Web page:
Being Different

Being different has always been a calling card of mine, whether I want it to be or not. Sometimes I do, and I’m happy to take on all comers who want to know what cerebral palsy is. (There’s a difference between what it is and what it’s like for me. There are five kinds of palsy, believe it or not, but that’s getting a bit too technical.) Sometimes I don’t, and I dream of a normal life, where the only thing special about me is what I’m doing now (hopefully). In the year 1982, it was pronounced, in one wordless action, by a doctor with both too much medical experience and too many years on a planet that had outgrown him–a dangerous cocktail–that I should be “different” for a lifetime.

No one gave me a heads-up on this. I found out years later that I had fought for my life that first night.

Fought and won.

Congratulations! You’ve won the grand prize, Being Different Forever! Over-the-shoulder glances as you pass people in malls! Looks of doubt when you tell people, “I can do this job.” You will never play a sport in any meaningful, competitive way.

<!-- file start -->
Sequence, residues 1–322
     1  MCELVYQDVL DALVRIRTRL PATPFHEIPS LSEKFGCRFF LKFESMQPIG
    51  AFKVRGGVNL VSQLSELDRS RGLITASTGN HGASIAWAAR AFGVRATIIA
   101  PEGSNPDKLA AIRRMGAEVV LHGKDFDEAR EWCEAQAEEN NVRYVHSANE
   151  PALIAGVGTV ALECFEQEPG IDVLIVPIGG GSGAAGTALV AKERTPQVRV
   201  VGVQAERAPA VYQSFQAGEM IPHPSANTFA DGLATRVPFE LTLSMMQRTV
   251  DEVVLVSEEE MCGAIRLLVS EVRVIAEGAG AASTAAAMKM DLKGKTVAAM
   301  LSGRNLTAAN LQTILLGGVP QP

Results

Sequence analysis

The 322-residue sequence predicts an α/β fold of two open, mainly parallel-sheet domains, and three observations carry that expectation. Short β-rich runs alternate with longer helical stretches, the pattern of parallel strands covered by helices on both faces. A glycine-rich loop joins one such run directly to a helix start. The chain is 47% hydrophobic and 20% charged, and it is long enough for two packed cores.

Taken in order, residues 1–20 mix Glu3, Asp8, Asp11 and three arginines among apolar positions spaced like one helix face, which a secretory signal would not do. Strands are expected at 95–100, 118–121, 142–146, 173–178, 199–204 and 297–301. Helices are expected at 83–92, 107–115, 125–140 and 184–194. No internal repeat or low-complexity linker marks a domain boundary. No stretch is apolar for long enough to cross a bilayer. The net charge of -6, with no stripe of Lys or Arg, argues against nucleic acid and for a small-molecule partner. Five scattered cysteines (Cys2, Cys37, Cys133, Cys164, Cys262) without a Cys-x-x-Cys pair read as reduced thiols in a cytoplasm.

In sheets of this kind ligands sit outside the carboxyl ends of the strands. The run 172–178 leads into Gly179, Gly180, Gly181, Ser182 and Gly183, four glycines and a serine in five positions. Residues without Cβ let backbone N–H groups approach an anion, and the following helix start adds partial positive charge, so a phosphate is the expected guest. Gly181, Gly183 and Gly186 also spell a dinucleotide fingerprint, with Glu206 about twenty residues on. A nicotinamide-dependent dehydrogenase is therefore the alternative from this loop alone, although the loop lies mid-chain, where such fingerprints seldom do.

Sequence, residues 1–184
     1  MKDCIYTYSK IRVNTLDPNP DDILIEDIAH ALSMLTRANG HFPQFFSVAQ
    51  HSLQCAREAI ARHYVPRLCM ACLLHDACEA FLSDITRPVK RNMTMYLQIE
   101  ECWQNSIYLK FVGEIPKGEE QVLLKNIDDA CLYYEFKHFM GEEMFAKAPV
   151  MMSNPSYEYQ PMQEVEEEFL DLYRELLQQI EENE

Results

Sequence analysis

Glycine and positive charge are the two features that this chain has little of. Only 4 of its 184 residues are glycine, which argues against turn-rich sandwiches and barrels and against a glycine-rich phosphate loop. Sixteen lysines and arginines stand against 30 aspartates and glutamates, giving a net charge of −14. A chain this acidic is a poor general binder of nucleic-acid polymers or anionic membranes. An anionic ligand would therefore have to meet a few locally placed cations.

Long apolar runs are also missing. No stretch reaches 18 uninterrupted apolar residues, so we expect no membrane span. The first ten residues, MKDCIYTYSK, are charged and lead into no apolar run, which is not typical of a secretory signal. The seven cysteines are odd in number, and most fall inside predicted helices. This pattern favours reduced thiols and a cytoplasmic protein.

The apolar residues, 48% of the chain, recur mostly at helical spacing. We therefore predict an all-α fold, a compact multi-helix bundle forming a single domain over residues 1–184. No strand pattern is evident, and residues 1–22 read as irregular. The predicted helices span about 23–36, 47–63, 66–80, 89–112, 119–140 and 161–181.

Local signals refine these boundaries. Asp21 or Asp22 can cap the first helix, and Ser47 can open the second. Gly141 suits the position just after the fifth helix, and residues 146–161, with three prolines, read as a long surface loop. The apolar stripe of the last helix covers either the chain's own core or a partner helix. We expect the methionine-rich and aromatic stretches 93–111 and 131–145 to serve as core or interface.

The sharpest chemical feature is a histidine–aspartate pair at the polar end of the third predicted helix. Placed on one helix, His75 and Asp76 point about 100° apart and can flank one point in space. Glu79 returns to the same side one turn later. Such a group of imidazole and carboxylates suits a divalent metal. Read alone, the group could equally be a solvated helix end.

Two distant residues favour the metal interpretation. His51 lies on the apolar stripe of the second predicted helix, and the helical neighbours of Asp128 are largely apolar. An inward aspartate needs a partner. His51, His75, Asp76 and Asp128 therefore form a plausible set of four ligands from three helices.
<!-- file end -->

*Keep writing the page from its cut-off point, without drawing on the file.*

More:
As we get to know each other, readers, you will find that, while the palsy has hindered me at times, I believe it has also given me a perspective from which few ever have the chance to articulate. Sure, I’m different (to some), and sure, it makes me mad at times (the handicapped guy who goes through life without complaint is a nice little myth, but it’s not true to me, and if I’m going to write my truth on this blog that means telling you it’s not true), but as mad as it makes me… it could be worse.

I could have fought and lost.

To the hospital nurses who saved my life, to the people who fought alongside me, and still do (you know who you are), to the kids at school who didn’t mind my being different, and who are still my friends to this day, to my best friend, who let me pitch and who pitched so I could hit, and told me I was good, and who read my stories and would tell me when they were bad, to the little sister who will stare a dirty look dead in the face with a look that’s even dirtier, until the offending glancer turns away, thank you all. You make being different worth all the work and the tears.




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